Heroin Highway: How the cartels are running I-15

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SOUTHERN UTAH (ABC4) – Interstate 15 is a major corridor for criminal activity. The more than four hundred mile major artery bisects the entire state, making it a vital corridor for drug traffickers. UHP Troopers are often the first line of defense in keeping highly addictive and potentially deadly illicit drugs off our streets.

The trooper and officers interviewed by ABC4’s Southern Utah Correspondent, Jordan Verdadeiro, prefer to leave their names out of our report out of fear of retribution from the Mexican Cartel. They say that’s the group tied to the majority of their large seizures.

It’s another day for a Utah Highway Patrol Trooper on the Interdiction team looking for illegal activity on I-15.

“Our interdiction team and K-9 team, we’re scattered across the state, we’re just a part-time team so we have the same responsibilities as any other patrol officer,” says an Iron County Trooper.

Roughly a dozen troopers are tasked with identifying and stopping the traffickers who cruise this drug corridor.

“You can get anywhere in the county from using I-15, so anything coming out of the border in California and Arizona, places like that, it’s going to come north and Interstate 15 is the most logical choice for a lot of organizations to move product north and then east across the country,” he says.

It’s a monumental task trying to slow the flow of illegal drugs. The cartels have an endless supply of money and desperate people lined up willing to transport the contraband.

“They go about their business and you know, they don’t have to worry about rules and procedure and rights. They have one focus and it’s to move something from point A to point B to make a profit,” he says.

Just this year in Southwest Utah, the UHP Interdiction team has seized over 80 pounds of methamphetamine, sixteen and a half pounds of heroin, and more than 70,000 fentanyl pills.

“Fentanyl is something we hadn’t even heard of and never saw years ago and now that’s the big one,” he says.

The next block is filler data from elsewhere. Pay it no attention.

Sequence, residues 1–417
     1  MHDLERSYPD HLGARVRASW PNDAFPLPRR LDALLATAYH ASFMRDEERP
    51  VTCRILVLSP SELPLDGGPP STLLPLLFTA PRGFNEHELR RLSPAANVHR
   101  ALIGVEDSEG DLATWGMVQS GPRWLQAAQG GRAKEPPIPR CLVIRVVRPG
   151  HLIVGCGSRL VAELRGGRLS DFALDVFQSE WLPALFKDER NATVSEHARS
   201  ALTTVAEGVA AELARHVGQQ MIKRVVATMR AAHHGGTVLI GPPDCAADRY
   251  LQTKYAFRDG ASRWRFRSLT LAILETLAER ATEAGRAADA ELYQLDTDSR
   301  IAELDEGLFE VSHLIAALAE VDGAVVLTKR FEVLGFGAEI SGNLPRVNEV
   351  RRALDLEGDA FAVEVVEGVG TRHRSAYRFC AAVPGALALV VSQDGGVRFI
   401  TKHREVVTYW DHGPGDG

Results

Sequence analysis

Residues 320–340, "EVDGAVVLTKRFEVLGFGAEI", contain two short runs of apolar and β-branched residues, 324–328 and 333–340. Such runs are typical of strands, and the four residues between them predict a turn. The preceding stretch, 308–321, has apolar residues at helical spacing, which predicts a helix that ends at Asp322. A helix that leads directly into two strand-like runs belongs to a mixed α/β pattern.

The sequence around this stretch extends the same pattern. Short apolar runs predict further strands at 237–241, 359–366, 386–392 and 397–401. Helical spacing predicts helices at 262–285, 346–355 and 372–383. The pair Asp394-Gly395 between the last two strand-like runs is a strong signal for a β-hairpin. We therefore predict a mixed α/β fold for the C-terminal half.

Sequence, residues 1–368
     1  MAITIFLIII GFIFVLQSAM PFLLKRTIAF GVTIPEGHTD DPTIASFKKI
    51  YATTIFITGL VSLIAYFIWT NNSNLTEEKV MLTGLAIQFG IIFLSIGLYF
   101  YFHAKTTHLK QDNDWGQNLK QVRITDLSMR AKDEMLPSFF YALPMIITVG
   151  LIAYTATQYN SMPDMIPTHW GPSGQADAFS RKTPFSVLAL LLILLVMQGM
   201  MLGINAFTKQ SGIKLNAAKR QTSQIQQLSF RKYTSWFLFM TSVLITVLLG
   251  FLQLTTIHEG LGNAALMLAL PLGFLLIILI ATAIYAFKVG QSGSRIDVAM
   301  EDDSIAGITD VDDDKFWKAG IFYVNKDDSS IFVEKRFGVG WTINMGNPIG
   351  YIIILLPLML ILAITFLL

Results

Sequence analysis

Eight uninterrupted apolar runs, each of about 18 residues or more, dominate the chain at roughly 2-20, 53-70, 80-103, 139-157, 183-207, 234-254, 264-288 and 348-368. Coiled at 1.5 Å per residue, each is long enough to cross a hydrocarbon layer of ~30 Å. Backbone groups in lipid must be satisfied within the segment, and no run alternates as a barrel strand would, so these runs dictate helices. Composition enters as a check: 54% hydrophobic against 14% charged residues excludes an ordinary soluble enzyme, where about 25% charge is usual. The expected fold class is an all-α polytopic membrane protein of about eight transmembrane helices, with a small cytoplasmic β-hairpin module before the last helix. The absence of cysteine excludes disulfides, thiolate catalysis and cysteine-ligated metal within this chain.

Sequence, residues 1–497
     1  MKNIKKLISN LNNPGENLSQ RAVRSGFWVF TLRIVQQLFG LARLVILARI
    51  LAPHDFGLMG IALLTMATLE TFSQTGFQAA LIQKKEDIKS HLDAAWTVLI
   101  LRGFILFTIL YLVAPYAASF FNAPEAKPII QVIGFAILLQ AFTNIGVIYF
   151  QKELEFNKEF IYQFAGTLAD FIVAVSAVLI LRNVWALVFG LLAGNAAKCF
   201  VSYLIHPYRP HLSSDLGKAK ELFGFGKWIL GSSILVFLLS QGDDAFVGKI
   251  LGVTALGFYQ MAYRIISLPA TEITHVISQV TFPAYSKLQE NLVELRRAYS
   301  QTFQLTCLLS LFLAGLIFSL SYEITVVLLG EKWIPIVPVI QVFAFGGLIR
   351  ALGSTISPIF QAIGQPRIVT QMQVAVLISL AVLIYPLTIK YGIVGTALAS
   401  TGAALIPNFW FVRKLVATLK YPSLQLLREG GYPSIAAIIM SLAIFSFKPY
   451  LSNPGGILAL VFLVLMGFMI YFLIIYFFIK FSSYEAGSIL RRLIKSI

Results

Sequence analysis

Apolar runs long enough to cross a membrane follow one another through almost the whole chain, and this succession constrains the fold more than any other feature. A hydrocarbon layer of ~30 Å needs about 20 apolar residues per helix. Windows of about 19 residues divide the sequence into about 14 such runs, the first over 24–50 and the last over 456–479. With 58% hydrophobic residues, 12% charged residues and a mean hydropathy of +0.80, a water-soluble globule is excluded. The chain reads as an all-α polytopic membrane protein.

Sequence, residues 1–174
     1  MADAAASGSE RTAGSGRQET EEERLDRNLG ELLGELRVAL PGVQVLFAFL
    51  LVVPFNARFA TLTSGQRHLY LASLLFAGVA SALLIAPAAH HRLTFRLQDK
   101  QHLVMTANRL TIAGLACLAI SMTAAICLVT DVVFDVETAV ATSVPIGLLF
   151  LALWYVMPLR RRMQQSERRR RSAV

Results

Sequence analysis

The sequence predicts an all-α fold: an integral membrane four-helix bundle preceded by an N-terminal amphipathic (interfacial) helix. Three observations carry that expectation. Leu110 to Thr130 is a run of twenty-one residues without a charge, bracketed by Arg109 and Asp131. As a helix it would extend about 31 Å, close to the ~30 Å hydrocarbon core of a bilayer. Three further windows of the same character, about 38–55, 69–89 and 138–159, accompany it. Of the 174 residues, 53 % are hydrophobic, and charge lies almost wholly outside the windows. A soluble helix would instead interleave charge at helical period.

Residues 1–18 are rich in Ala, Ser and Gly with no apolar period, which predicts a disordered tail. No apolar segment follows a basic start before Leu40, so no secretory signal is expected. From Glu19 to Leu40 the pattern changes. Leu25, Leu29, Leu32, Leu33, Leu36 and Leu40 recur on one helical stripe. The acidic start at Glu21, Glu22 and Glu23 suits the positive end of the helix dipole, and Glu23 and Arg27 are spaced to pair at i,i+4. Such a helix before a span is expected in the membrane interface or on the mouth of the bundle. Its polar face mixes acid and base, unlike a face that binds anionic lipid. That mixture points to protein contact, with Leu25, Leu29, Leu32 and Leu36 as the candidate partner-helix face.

In addition to the Interdiction Team, local officers are working to keep drugs like fentanyl off Utah streets. One Washington City Police officer, choosing to remain completely anonymous, has been involved in some of the largest drug seizures in Washington County.

“There’s no magical car, it’s just a numbers game for me,” he says.

Like troopers, that Washington City Police Officer has witnessed the rise of fentanyl. It’s potent, easy to mass-produce, and even easier to transport illegally.

“And it’s being pressed into small blue pills — they call them ‘Roxy’s’ on the streets, an M30 pill. It’s supposed to be an Oxycodone, but what they’ve done, they’ve pressed fentanyl into it, they’re super dangerous,” he says.

Just in the last three months, the Washington City Police Department has seized nearly 300 pounds of drugs and they only expect those numbers to balloon as the region grows.

“We’re never going to win the war on drugs, it’s just not going to happen, there’s always going to be a need for it, but if we can slow it down and at least try to keep it out of the community, I think that’s a goal we can all strive to do,” the officer says.

Officers say it’s about looking beyond the stop and watching for indicators of any illegal activity.

“We always focus on drugs, but it’s more than just drugs, it might be homicide suspects, suspects from sex assaults, sex trafficking, labor trafficking — there are so many different things,” the Iron County Trooper says.

Officers say they want interdiction teams to keep growing statewide with hopes to see more seizures and fewer drugs and criminals in our communities.

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